Minicast: Corporate Sustainability
Updated: May 25, 2022
Here’s a lofty question for you: Is the world better off because you’re in it? Well what if we asked this of companies? This is trail etiquette, but for capitalism…leave no trace. A recent Harvard Business Review article explored the ground swell of organizations taking big steps toward not only minimizing our impact on the planet, but reversing it.
The argument that sustainability hinders economic progress is all but squashed. 80% of the companies that have taken a public and strategic action against environmental, social or governance issues have outpaced benchmarks.
Nearly all of the 500 largest companies have set carbon targets, with some going bigger than others. Here are just a few.
Unilever has been on the top of the list for 11 years as the most sustainable company in the word. But this is not at the expense to either the shareholder or stakeholders alike. The article tells of Life Buoy, a lowly line of soap in their European portfolio. When asked by UNICEF to donate soap for neonatal kits , they sent branded soap, and the support to expand the hand washing program. Lives were saved and profits were made. There can be balance.
Walmart has set its sights on making thing right as well. Their goal is to be a “regenerative company”. We see this is the new Sam’s Club rebranding as “a purpose driven brand”. Their tagline: “Made with our Member and planet in mind”. And along with this, a list of aspirations by 2025 here in this link.
Apple partnered with Alcoa and Rio Tinto to manufacture aluminum that produces no carbon, uses little energy, and is also cheaper. Audi jumped at this and is now using it in their electric vehicles. One more reason I need an Audi.
Microsoft has set an exciting goal: by 2030 they will be carbon negative and roll back all carbon emissions since their inception in 1975. As they start down the path, carbon reduction and offsets are how they are making progress. Check out the plan and journey on their blog. And yes there is data and graphs. Cause you know, it's Microsoft, why not use Power BI and Excel.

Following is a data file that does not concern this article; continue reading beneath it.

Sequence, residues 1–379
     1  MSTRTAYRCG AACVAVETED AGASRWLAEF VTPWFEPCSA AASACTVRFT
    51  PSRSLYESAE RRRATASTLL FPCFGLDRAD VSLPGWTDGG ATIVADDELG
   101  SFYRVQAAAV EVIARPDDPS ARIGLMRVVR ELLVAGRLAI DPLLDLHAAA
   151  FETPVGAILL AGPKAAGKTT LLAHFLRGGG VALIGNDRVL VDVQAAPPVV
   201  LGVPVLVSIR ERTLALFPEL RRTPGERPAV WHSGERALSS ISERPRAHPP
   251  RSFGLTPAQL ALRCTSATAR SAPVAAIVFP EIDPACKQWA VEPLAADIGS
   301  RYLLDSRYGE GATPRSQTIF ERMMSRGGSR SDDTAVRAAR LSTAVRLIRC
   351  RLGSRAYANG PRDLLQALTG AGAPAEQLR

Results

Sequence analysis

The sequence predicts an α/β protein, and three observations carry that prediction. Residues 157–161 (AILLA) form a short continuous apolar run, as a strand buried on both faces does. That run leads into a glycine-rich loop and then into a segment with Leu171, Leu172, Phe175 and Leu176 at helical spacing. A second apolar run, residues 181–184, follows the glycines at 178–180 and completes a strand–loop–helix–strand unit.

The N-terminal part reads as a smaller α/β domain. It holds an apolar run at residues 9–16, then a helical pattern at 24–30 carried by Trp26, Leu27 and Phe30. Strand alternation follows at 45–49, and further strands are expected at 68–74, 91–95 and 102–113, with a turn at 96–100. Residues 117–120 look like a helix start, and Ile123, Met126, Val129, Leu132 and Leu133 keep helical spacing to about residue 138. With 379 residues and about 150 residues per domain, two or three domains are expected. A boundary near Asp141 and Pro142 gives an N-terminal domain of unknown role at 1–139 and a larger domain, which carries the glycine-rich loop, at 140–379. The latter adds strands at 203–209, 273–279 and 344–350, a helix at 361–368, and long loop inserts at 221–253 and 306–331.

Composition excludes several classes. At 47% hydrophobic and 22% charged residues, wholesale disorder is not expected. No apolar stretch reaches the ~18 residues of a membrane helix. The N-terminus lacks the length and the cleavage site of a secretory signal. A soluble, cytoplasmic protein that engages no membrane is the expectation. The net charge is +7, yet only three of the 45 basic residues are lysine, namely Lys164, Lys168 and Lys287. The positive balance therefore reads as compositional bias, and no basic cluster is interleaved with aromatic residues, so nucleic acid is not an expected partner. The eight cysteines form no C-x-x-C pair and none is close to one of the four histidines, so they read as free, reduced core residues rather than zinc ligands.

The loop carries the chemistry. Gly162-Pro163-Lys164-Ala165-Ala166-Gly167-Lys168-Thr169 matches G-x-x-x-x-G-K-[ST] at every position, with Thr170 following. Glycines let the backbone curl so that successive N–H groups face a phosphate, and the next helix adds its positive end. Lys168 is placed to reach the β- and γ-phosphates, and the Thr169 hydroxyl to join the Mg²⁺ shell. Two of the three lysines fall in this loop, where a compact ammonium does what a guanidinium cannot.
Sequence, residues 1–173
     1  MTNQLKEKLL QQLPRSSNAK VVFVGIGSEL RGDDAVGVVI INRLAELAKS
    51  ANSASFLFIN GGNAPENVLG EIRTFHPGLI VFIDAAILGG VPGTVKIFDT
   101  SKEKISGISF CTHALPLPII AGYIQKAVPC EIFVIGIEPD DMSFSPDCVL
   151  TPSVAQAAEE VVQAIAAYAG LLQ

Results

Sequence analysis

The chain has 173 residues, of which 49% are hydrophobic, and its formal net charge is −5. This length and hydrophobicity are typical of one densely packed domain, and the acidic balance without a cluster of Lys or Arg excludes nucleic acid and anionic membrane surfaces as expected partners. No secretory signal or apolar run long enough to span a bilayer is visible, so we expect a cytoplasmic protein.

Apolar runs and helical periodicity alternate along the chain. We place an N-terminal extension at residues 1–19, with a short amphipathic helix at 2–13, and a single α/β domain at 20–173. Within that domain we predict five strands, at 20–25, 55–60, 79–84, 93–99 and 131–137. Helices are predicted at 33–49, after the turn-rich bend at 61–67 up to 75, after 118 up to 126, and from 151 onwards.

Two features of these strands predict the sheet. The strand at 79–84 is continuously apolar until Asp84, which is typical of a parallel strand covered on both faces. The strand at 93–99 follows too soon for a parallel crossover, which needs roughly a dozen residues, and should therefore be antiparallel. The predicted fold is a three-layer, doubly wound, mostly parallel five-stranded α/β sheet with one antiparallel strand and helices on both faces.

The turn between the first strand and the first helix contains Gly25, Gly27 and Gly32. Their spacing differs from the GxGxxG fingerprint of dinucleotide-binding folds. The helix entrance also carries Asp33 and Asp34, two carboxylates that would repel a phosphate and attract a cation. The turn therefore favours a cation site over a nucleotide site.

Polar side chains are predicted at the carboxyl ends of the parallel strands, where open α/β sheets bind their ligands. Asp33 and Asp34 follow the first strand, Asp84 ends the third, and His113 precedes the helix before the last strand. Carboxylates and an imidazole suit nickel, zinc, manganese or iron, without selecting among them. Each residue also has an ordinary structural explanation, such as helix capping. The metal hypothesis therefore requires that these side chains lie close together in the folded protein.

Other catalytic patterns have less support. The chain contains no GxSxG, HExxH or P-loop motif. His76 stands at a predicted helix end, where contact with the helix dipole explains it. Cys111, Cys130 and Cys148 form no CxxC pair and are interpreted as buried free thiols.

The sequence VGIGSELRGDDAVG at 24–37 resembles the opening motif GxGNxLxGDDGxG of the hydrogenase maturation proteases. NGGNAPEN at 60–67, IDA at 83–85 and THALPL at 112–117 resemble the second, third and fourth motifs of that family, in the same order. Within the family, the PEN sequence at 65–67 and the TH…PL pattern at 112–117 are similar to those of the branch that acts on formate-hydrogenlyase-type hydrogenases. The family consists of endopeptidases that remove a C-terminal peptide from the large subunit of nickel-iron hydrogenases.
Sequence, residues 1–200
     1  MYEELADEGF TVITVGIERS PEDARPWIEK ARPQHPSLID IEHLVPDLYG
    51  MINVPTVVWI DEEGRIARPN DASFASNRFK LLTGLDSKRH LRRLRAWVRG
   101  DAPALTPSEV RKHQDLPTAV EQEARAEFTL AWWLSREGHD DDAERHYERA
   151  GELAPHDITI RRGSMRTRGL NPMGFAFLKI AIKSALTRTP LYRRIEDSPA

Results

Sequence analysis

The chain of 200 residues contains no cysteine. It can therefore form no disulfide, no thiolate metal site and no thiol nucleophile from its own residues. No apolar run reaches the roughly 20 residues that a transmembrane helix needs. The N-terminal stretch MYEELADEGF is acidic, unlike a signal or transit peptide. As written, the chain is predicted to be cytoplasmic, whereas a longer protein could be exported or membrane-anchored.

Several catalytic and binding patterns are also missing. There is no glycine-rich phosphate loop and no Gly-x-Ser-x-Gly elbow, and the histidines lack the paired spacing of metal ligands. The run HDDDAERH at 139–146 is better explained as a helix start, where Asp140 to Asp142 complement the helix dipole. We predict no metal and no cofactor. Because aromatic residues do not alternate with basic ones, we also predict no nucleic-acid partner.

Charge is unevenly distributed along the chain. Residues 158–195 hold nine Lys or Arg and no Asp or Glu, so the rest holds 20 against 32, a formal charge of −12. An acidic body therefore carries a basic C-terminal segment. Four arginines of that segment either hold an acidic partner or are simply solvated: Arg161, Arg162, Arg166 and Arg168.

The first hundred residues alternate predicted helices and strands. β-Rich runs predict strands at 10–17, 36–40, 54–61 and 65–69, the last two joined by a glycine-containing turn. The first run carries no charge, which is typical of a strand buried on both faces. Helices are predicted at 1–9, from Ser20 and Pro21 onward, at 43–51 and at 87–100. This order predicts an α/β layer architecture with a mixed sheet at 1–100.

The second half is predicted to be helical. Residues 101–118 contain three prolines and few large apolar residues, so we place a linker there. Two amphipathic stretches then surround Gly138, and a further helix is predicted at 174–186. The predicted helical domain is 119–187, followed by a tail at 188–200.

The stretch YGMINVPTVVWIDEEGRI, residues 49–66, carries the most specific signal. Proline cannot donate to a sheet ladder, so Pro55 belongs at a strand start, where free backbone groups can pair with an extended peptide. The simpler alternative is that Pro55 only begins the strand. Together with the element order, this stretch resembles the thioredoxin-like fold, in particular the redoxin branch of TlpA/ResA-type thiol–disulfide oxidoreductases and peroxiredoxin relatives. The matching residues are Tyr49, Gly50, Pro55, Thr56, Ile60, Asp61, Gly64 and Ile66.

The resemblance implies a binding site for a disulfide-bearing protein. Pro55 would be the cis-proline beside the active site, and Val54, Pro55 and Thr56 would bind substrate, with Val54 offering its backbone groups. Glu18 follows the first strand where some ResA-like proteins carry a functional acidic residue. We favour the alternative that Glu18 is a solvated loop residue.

Like me, you may be wondering, with all this progress, why it is still so hard and expensive to incorporate sustainability into our day to day. We still need ICE (Internal Combustion Engines) vehicles for long trips or work, solar is expensive, recycling is a pain, specifically glass, and all of course all that damn plastic. And it still feels like throwing money in the wind to “offset our carbon”. We have to remind ourselves that it will take time, and remember how far we have already come. Just getting over the perception of sustainability vs. profitability is a seismic shift.
Like anything we need to keep making the small steps toward bigger goals. Taking advantage of ways to be more sustainable. Our local power company now offers customers an inexpensive way to switch to renewable energy. As stakeholders, we have the power by voting with dollars and time. Find out which companies are doing more than others to reverse our footprints, and share what you learn with friends and family. But it is not a soap box, it is a dialogue on how to help each other find ways to reduce our impact on our beautiful home.
All this to say, big or small companies have more opportunities to effect change than ever before, which is really exciting. It’s going to be a rewarding journey. And in that journey remember to leave no trace.
And speaking of Trace, to learn more about how a small local company is trying to make a difference, check out the VWC most recent interview with Michaela Barnett, owner of KnoxFill.